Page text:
By Ben // Monday 24 Sep // 23:08:20 // 1 Comment // View
Well the melodrama of yesterday has subsided. The arctic awe has given way to the reality of the place, and of this trip.
So we’re sailing, after nightfall, and we’ve cleared site of land. Stomachs are somewhat woozy (no proper tossing yet, but it does seem imminent with certain clammy-faced crew members).
My shift “on watch” (above deck, steering the boat, watching for ice, and setting sails when need be) is 6-8 am&pm, and I’m feeling somewhat guilty about such a choice timeslot. My watch crew-Vicky, Brian and myself-is also top notch (although I’d likely feel that way about any grouping I’d find myself in). And we’ve got morning and evening twilight (and sunrise and sunsets, I suppose, if the clouds break).
Interesting realizations of the trip today, that this is no little jaunt around the arctic, but rather a pretty serious endeavour. This somewhat humbling recognition was prompted by Ko (real name, real badass) answering my question about why he came onboard for this voyage, as he’s sailed and travelled the arctic plenty in the past, but has somewhat “retired” from the life of adventure. Now Ko is our “guide” on this trip; he’s insanely knowledgeable about the history and science of the region, and has been to Greenland four times in the past, has been all over the arctic. He seems to have as good a take on the North Atlantic as anyone out there. So I ask him why he comes out of “retirement” for a trip like this, and he starts talking about the “adventure” of it, and how he wants to see how a little boat like ours-which, apparently, doesn’t normally take such a trip-is going to make the trip all the way to Greenland. It’s a trip that Ko-who has done it all-has never done, and he’s in it for the adventure.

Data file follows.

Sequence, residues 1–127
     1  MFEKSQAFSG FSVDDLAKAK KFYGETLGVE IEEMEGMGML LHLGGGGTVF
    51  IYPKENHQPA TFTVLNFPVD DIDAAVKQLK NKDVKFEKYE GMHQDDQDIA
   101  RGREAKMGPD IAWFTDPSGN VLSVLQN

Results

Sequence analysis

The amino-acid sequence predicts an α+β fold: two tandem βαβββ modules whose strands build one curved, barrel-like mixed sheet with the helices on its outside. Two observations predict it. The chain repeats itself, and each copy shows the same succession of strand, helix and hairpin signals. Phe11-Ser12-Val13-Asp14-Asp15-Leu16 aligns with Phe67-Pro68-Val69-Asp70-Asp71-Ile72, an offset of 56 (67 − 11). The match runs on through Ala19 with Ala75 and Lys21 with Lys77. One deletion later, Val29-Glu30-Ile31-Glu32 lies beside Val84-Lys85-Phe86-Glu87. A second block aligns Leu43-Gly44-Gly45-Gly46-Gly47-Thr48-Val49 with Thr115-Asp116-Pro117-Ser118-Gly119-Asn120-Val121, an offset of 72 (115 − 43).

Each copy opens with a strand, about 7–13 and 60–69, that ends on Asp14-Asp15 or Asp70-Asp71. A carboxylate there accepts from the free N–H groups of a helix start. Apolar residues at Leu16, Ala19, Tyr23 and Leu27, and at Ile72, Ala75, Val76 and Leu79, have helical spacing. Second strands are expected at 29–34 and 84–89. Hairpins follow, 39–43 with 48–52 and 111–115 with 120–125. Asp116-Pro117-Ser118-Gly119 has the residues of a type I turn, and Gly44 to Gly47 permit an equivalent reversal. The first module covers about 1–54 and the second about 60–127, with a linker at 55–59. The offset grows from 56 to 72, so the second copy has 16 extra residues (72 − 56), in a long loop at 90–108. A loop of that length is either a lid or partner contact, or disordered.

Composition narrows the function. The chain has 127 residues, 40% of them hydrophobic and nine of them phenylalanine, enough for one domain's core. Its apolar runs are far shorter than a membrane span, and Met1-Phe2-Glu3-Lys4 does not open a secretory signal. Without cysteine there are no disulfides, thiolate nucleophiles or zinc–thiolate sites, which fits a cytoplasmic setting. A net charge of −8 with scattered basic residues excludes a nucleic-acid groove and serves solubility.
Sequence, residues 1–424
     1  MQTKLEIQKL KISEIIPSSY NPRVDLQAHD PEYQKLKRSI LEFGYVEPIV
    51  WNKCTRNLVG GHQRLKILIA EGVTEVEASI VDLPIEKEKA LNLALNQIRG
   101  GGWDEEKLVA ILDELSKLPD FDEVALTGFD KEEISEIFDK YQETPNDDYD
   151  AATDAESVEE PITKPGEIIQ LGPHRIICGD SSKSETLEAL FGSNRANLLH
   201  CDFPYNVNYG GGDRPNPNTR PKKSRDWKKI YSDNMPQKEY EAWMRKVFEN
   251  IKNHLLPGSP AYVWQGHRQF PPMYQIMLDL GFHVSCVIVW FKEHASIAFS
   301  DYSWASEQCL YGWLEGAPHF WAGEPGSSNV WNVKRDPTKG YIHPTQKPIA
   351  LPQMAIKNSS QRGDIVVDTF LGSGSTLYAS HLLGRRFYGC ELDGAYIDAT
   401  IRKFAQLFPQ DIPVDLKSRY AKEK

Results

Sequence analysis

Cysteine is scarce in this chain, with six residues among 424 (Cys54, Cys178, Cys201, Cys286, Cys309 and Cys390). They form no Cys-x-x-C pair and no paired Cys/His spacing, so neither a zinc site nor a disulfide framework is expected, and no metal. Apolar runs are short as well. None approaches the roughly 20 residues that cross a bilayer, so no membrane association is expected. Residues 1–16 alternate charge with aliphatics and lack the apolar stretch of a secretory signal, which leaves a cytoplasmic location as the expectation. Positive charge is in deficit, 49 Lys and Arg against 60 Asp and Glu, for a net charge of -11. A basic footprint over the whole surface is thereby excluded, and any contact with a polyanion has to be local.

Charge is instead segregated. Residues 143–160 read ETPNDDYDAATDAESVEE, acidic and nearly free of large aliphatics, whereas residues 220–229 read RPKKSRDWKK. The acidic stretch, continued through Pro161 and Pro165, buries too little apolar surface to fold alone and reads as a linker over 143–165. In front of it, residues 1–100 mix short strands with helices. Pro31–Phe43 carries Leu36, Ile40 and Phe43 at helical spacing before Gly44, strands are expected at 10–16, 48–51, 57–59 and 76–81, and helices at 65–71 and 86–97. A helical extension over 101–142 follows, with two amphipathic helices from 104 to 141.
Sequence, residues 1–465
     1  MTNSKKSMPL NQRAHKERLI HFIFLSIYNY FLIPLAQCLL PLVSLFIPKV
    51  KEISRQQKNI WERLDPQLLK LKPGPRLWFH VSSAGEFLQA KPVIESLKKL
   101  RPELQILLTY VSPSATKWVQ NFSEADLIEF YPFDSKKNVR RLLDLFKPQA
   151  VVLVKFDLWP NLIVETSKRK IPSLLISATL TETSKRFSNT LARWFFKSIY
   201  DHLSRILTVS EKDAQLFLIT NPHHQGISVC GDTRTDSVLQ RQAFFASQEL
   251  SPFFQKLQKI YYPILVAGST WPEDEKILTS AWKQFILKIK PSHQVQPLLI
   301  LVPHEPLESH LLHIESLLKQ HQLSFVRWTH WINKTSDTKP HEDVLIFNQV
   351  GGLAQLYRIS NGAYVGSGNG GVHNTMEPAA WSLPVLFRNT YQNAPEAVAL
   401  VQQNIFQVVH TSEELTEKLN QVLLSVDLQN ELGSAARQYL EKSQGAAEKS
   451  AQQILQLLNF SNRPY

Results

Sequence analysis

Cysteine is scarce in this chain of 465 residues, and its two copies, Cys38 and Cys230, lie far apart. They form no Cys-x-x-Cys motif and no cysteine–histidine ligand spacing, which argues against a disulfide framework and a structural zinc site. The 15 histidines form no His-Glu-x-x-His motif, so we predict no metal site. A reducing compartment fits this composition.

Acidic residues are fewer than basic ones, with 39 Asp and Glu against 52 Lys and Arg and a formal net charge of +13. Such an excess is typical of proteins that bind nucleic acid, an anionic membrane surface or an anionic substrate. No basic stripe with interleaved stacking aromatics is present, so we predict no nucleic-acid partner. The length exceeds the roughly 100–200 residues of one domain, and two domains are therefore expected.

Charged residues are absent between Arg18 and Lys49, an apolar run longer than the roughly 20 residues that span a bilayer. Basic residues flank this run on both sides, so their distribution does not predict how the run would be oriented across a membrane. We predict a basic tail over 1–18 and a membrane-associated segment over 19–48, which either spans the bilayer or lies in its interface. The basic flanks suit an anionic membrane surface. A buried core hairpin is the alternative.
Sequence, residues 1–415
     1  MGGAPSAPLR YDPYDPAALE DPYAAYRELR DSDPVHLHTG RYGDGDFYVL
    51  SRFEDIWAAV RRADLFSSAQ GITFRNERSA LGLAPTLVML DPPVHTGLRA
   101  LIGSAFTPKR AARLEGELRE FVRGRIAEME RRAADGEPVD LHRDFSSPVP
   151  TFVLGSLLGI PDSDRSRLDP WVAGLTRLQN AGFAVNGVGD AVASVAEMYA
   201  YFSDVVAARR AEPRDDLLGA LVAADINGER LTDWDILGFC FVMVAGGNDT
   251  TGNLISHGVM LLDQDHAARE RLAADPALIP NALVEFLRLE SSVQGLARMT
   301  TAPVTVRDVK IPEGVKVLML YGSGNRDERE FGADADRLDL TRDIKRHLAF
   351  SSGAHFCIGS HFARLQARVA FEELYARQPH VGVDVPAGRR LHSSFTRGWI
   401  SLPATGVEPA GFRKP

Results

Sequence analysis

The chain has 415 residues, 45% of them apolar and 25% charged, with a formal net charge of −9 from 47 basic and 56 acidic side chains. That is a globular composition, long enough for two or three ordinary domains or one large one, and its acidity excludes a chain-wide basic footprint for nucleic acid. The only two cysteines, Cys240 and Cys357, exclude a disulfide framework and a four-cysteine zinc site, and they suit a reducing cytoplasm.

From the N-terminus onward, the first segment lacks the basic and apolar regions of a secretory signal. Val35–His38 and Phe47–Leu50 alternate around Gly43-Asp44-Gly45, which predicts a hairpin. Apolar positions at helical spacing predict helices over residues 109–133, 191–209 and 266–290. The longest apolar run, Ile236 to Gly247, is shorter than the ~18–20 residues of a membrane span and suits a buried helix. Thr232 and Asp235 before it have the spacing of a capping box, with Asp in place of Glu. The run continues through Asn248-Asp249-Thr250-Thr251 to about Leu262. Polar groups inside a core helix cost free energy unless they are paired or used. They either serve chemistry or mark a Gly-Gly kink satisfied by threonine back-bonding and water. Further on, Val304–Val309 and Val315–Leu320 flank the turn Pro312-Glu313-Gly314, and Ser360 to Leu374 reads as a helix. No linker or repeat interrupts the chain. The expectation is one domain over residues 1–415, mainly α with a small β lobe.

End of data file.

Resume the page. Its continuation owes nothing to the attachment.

So, yes, we’re on an adventure-not just an arctic “experience.” 750 miles at least (as the crows flies, and our route certainly won’t be so direct), which will take 5 or 6 days, depending on the wind. Now the thought of being on this boat for 5-6 days without even a view of land has caused at least a few of us a bit of jittery nerves. Claustrophobia, seasickness, and boredom seem to be the main concerns. (The last seems unlikely to me, but it is really difficult to read or write in this rolling cabin, before the stomach starts to wince. And, that said, even within a parentheses, I must close the computer.)